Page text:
The Impact of Environmental Change

The adaptive value of a behavior, or any other trait, is always relative to some environment. When the environment changes, so does the adaptive value of a particular behavior.

How is the twig-using behavior of Galapagos Islands finches an adaptation?

On the famous Galapagos Islands where Darwin made many of his observations, the Woodpecker Finch uses twigs and cactus spines to probe for insects in holes of dead trees. This is an excellent example of an adaptive behavior in a particular environment. It represents an adjustment to the environment of the islands, where insects in the trees provide food for the finches, which gives the finches an evolutionary advantage. By exploiting this food source, they are more likely to survive and reproduce than finches that cannot use twigs in this way.

Why might woodpeckers invading the Galapagos Islands make certain finches extinct?

However, the finch's behavior is adaptive only because there are no woodpeckers on the island. If there were woodpeckers in the area, the finch's behavior would no longer give it a reproductive advantage. Woodpeckers are more efficient at extracting insects from dead wood, so food would not be available for the twig-using finch, and it might become extinct.

To interpret the fitness or adaptive value of a behavior, one must specify the environment. That includes the other creatures present. The introduction or extinction of a single new species can tip the balance of survival for dozens of other species in that ecosystem. For exapmle, cats introduced to island ecosystems by humans have a devastating effect. They are excellent predators and the animals living on isolated islands have no evolved defenses against them. Fire ants have devastated competing ant species in the southern U.S. In Europe, the arrival of modern humans around 40,000 years ago probably caused the extinction of the Neanderthals, who had lived there for 300,000 years. Again and again, the fossil record shows that the arrival of modern humans in an ecosystem is followed by the mass extinction of large animals in the same area, probably due to hunting. Early humans are now believed to have hunted the wooly mammoth to extinction.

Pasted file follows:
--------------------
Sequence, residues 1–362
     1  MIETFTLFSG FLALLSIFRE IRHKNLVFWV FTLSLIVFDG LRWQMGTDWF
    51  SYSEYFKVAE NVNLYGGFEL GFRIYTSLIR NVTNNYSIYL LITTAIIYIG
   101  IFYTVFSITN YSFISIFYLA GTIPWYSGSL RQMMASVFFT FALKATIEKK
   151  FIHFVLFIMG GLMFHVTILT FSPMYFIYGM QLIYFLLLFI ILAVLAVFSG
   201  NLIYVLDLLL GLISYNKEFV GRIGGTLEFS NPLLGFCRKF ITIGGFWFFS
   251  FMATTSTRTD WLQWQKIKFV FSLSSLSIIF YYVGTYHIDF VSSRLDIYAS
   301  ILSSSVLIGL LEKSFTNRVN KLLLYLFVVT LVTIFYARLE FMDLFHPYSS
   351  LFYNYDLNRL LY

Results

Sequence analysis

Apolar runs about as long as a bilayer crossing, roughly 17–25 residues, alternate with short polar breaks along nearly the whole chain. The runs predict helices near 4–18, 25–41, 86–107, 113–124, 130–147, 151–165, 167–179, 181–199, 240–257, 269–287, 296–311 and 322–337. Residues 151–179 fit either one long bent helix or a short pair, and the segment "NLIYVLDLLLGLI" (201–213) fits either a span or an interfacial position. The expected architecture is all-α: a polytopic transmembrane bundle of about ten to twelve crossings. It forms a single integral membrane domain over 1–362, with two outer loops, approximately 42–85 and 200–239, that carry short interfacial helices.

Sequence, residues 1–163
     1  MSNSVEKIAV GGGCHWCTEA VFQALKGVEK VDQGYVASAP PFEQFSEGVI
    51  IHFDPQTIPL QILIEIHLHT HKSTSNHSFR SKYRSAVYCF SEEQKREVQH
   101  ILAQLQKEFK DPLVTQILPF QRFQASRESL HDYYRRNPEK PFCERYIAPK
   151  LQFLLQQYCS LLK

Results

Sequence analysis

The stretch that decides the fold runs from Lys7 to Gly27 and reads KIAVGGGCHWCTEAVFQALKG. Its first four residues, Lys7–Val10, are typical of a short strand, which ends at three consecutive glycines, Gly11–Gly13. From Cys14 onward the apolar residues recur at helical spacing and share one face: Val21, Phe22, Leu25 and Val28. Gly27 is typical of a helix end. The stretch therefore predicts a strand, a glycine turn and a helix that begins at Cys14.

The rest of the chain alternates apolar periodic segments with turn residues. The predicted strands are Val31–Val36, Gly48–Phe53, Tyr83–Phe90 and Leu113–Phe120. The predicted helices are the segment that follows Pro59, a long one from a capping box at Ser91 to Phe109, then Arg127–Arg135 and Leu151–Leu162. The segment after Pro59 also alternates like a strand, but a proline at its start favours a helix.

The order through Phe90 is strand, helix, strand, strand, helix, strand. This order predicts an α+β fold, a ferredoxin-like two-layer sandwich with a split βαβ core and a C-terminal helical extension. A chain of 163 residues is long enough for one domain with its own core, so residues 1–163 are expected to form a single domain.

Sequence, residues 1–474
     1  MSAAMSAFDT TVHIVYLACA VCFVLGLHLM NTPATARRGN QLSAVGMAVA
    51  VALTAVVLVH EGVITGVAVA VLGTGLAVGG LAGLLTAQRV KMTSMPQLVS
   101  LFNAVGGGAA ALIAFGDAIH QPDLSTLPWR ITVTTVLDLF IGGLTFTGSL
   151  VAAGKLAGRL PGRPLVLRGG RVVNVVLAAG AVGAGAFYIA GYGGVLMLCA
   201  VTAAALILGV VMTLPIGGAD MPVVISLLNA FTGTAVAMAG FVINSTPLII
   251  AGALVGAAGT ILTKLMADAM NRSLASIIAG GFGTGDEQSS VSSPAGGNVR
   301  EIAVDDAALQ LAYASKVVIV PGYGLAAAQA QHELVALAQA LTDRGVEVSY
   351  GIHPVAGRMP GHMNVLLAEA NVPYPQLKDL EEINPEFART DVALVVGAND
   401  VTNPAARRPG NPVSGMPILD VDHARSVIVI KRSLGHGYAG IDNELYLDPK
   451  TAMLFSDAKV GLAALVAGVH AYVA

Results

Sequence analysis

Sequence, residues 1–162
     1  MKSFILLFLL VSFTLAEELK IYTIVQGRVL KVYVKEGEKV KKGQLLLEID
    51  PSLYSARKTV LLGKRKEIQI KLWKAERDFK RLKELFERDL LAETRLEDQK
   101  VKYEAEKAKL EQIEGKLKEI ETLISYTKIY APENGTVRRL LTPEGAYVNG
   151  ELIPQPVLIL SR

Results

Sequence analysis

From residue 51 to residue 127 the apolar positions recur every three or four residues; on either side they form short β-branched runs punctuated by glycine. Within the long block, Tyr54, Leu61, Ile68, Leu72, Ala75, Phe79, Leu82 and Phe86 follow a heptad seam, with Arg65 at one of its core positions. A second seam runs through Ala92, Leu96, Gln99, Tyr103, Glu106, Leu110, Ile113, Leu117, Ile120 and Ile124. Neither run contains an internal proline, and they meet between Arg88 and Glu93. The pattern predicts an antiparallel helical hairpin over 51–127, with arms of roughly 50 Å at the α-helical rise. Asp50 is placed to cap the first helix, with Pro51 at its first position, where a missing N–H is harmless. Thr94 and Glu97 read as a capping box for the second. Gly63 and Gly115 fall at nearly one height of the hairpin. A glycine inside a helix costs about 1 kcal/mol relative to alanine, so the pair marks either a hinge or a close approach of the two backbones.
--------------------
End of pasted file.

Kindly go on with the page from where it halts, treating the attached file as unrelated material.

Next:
What are examples of humans modifying their own environments, to their own detriment?

Humans are often so successful at modifying their environments that they bring about the destruction of their own societies. The Maya civilization burned wood to cook limestone, which was ground up and used to make a form of concrete, the main construction material for their massive ceremonial temples. Simple calculations show that this consumption of forest resources was unsustainable. Eventually all the trees were gone, and that (along with a drought and a belief system predicting the end of the world) led to the end of Mayan civilization.

A similar process occurred on Easter Island, where an isolated population of humans cut down the native species of trees until they were all gone. The ecosystem was devastated and the humans eventually faced repeated famines. Many similar events are occurring today, for example, in fishing villages of the northeastern United States, where a traditional way of life is dying because the level of fishing has reduced stocks to the point where people can no longer make a living by fishing.

How can evolutionary psychology help us solve modern problems?

On issue after issue—including some of the most significant problems of modern times—the challenge facing our species is to modify our behavior intelligently so we can encourage cultural and behavioral practices that are healthy and sustainable, while discontinuing those that are self-defeating. Evolutionary psychology may help. In some cases, simulations may suggest adaptive strategies for the future. In many other cases, evolutionary psychology can help by explaining the origins of destructive behavior patterns left over from the past. If we understand where they came from and how they might have been adaptive in ancient times, it may help us to move beyond them and not to continue blindly with practices that are maladaptive in the modern world.


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Copyright © 2007 Russ Dewey